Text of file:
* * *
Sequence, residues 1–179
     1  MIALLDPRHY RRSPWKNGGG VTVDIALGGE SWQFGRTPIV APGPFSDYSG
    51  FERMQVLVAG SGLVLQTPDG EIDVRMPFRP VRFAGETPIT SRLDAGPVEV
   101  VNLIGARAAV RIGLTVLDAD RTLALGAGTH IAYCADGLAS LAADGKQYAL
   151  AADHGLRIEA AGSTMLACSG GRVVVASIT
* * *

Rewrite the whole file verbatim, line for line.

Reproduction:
Sequence, residues 1–179
     1  MIALLDPRHY RRSPWKNGGG VTVDIALGGE SWQFGRTPIV APGPFSDYSG
    51  FERMQVLVAG SGLVLQTPDG EIDVRMPFRP VRFAGETPIT SRLDAGPVEV
   101  VNLIGARAAV RIGLTVLDAD RTLALGAGTH IAYCADGLAS LAADGKQYAL
   151  AADHGLRIEA AGSTMLACSG GRVVVASIT